389 Beacon is located on the south side of Beacon, between Fairfield and Gloucester, with 387 Beacon to the east and 391 Beacon to the west.
389 Beacon was designed by architect Frederick B. Pope and built ca. 1869, one of ten contiguous houses built as five symmetrical pairs (377-379-381-383-385-387-389-391-393-395 Beacon), each house on an 18 foot wide lot and each pair united by a shared portico. 377-379 Beacon are one story higher than the other four pairs, and probably were built that way (they appear as such on the 1887 Sanborn map).
The ten houses were built for speculative sale by a consortium of Frederick Pope, who was both an architect and a builder, and George Martin Gibson, a builder and contractor. They shared the same business address at 81 Washington in 1870.
Frederick Pope purchased the land for 377 Beacon on March 18, 1869, and George Gibson purchased the land for 379-381-383-385 Beacon and 389-391 Beacon between March and August of 1869. Once the houses were built, they sold them to individual buyers.
The land for 387 Beacon was owned by real estate investor Charles Uriah Cotting, and the land for 393-395 Beacon was owned by dry goods merchant Eben Dyer Jordan, co-founder of the firm of Jordan, Marsh & Co. In these three cases, the houses were constructed by Frederick Pope and George Gibson under agreements with the land owners, who then sold the houses after they were built.
The land for all ten houses originally had been part of a parcel purchased from the Boston Water Power Company on January 29, 1866, by a real estate investment trust formed by John Templeman Coolidge, Franklin Evans, and Charles Henry Parker. The trust subsequently subdivided the property into lots, which it sold to investors and builders, who then frequently resold the lots to others.
Click here for an index to the deeds for 389 Beacon, and click here for further information about the land between the south side of Beacon and Alley 416, from Fairfield to Gloucester.
On August 20, 1869, Frederick Pope acquired 389 Beacon from George Gibson.
On March 19, 1870, 389 Beacon was purchased from Frederick Pope by Annie Louise (Lobdell) Motte, the wife of attorney Ellis Loring Motte. They previously had lived at 62 Shawmut. In November of 1869, Ellis Motte’s parents, Rev. Mellish Irving Motte and Marianne (Alger) Motte, had purchased 395 Beacon as their home.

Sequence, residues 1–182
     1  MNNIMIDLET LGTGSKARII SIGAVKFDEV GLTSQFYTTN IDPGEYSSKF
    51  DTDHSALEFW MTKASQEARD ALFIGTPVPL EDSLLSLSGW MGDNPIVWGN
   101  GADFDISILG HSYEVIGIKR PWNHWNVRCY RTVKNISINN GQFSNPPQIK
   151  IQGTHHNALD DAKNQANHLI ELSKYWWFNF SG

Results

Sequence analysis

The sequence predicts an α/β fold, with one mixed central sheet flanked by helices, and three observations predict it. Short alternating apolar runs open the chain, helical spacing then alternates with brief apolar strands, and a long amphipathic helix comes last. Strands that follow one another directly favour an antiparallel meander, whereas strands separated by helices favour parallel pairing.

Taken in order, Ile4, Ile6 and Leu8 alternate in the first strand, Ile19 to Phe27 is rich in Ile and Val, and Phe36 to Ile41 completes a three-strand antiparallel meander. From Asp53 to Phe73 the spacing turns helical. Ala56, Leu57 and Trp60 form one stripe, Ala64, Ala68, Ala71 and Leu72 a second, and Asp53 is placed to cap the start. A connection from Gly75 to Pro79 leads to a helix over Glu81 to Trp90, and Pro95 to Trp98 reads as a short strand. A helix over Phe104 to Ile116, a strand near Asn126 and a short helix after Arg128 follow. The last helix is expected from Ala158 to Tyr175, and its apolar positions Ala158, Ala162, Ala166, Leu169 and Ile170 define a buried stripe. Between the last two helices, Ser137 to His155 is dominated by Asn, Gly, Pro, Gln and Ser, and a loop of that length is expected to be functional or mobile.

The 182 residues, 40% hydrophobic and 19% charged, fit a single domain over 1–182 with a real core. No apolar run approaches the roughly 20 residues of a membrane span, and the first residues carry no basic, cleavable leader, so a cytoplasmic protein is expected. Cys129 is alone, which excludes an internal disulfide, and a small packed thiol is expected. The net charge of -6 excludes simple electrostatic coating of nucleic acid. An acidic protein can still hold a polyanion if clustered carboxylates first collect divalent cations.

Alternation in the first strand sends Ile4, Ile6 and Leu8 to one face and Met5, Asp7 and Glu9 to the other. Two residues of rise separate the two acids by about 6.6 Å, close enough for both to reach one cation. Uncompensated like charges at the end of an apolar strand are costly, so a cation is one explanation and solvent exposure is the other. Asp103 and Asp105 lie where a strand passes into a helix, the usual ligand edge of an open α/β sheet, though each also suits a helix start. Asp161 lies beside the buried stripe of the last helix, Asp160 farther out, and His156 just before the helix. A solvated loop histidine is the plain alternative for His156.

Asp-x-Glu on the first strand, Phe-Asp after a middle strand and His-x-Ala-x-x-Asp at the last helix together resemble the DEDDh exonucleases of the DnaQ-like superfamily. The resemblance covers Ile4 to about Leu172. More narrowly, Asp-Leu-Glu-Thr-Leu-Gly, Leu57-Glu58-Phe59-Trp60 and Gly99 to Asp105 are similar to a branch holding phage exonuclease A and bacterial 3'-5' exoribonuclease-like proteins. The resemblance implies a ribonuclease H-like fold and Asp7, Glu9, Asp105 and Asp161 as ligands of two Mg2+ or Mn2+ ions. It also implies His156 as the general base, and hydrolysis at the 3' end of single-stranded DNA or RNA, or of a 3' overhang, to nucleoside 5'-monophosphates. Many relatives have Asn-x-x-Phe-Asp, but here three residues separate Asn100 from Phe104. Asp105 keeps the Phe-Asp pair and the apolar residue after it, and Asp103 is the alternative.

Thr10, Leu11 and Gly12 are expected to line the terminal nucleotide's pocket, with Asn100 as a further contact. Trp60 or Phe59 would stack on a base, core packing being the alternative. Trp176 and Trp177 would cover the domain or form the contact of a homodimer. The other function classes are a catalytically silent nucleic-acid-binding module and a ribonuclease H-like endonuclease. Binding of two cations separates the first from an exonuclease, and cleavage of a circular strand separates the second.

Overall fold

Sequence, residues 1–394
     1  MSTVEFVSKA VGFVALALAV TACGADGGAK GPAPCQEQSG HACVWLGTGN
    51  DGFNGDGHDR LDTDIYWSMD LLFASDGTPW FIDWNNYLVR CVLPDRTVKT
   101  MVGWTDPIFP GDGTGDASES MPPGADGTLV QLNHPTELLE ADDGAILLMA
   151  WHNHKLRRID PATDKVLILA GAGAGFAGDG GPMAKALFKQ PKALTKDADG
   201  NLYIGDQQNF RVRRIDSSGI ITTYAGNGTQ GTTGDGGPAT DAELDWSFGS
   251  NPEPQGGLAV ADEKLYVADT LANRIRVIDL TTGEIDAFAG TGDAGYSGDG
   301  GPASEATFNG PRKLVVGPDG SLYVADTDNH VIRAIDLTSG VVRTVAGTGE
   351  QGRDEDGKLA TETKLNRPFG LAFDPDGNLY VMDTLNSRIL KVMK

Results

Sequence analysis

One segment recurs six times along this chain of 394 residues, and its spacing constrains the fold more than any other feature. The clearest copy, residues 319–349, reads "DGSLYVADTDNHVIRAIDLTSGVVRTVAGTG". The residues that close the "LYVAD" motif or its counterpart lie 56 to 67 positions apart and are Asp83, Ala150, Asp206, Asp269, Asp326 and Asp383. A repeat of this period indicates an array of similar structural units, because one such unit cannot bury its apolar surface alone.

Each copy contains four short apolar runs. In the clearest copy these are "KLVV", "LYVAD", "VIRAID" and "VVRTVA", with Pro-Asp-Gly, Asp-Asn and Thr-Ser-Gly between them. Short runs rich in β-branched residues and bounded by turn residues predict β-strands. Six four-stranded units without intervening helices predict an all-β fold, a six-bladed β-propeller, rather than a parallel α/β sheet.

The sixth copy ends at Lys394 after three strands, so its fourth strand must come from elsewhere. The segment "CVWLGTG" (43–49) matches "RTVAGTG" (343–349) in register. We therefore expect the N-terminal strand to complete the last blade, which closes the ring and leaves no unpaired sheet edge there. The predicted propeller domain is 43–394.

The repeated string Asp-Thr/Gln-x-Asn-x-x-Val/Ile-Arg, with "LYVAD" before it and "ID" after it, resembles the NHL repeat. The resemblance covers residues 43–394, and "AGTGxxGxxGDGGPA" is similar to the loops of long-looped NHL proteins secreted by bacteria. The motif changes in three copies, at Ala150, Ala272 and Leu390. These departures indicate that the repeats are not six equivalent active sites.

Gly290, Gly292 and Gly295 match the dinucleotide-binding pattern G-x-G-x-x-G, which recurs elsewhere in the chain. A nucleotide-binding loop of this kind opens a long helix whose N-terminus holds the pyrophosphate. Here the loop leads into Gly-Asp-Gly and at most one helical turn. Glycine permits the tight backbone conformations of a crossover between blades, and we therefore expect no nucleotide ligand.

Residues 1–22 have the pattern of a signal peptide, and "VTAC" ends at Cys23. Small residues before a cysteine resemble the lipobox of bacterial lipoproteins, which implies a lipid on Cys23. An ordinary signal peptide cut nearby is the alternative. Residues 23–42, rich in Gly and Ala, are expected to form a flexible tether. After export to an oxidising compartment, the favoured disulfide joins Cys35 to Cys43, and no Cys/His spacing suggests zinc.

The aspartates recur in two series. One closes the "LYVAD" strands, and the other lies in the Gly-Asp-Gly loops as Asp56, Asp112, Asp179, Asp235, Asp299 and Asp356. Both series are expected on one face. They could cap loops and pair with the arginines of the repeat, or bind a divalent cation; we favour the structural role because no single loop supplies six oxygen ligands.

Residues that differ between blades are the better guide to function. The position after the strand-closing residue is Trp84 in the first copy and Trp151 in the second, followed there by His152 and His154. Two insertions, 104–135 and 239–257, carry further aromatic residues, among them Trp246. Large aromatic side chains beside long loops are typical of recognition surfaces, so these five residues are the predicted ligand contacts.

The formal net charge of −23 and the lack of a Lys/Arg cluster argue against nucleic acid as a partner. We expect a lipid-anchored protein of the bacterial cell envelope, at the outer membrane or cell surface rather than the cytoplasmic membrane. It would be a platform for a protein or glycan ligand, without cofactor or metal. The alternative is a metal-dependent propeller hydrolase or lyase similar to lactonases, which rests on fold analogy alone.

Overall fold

Ellis and Annie Motte continued to live at 389 Beacon during the 1889-1890 winter season. Their two children, Margaret Berrion Motte and Mellish Irving Motte, lived with them.
During the next two seasons the Motte family was living elsewhere and 389 Beacon was the home of John Stetson and his wife, Katherine (Kate) (Stokes) Anthony Stetson.
John Stetson was a banker, real estate investor, theatrical manager, and theater owner (he was the owner and manager of the Globe Theatre on Washington Street, destroyed by fire on January 2, 1894). Before they married, Kate (Katie) Stokes had been a well-known circus bare-back rider. She was injured in a fall from her horse and took up an acting career in New York City, where she met John Stetson; they married in June of 1887.
In June of 1892, John Stetson purchased the stable at 353 Newbury. It continued to be owned by his heirs until 1902.
By the 1892-1893 winter season, the Stetsons had moved to 461 Commonwealth. They also maintained a home on Burgess Point in Beverly, which he purchased in October of 1893. He died in April of 1896 and she died in May of the same year. After their deaths, John Stetson’s will (which left his entire estate to Kate Stetson) was the subject of a highly-publicized, protracted, and ultimately unsuccessful challenge by Adah Richmond, an actress, who claimed that she had married him in 1871 and they had never divorced.
The Mottes resumed living at 389 Beacon during the 1892-1893 winter season, and continued to live there during the 1893-1894 season.
Margaret Motte married in April of 1894 to Russell Sargent. He was a hardware manufacturer in New Haven, Connecticut, where they lived after their marriage. He died in April of 1905, and she married again in October of 1911 to his brother, George Lewis Sargent.
By the 1894-1895 season the Mottes had moved to the Hotel Ludlow (southwest corner of Clarendon and St. James). Mellish Irving Motte, an electrical engineer, moved with them. He married in December of 1896 to Helen Lyman Jewell; after their marriage, they lived in Medfield and then Concord, Massachusetts.
In March of 1895, Annie Motte purchased 138 Marlborough, a four unit apartment building where they subsequently moved. She also continued to own 389 Beacon and lease it to others.
During the 1894-1895 winter season, 389 Beacon was the home of attorney William Allen Hayes and his wife, Margaret Kowenhoven (Luquer) Hayes. They had married in August of 1894 and 389 Beacon probably was their first home together. By the next season, they had moved to 155 Bay State Road.
During the 1895-1896 and 1896-1897 winter seasons, 389 Beacon was the home of Eunice F. (Rand) Clarke, the widow or former wife of Charles Clarke. She previously had lived at 34 Newbury. By the 1897-1898 season she had moved to Trinity Court (southwest corner of Dartmouth and Stuart).
In 1897, Eunice Clarke was joined at 389 Beacon by Caroline Gardner Clarke, a concert singer and music teacher who maintained her studio at 407 Marlborough. Her primary residence was at 52 Lanark Road in Brookline with her adoptive parents, insurance broker Curtis Clarke and Anna Phoebe (Kemp) Clarke. Caroline Clarke married in September of 1899 to Dr. James Washington Bartlett, a dentist. He previously had lived and maintained his offices at Haddon Hall at 282 Berkeley, and before that at 2 Commonwealth. After their marriage, they lived at Trinity Court.